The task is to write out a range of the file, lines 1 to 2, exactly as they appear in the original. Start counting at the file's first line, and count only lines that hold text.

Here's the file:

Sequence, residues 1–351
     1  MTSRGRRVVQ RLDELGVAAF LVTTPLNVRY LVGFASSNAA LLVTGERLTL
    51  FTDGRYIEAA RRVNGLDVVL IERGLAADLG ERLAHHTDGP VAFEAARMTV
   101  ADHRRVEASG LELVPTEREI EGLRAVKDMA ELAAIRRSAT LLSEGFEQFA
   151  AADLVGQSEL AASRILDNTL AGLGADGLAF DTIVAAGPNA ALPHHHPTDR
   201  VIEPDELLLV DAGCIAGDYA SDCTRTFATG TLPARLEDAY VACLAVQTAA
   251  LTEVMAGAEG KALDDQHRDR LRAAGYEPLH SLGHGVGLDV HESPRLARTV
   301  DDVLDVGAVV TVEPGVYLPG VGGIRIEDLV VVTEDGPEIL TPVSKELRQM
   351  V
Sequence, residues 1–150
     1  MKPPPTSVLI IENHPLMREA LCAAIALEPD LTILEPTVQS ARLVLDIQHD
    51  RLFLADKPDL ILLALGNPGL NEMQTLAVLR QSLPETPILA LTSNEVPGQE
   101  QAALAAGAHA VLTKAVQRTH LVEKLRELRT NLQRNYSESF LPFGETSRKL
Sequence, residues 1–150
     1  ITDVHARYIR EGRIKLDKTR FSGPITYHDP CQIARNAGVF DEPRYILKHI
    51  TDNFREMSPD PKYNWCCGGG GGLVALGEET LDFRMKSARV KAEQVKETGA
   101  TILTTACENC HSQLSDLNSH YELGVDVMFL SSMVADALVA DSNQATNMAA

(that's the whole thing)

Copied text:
Sequence, residues 1–351
     1  MTSRGRRVVQ RLDELGVAAF LVTTPLNVRY LVGFASSNAA LLVTGERLTL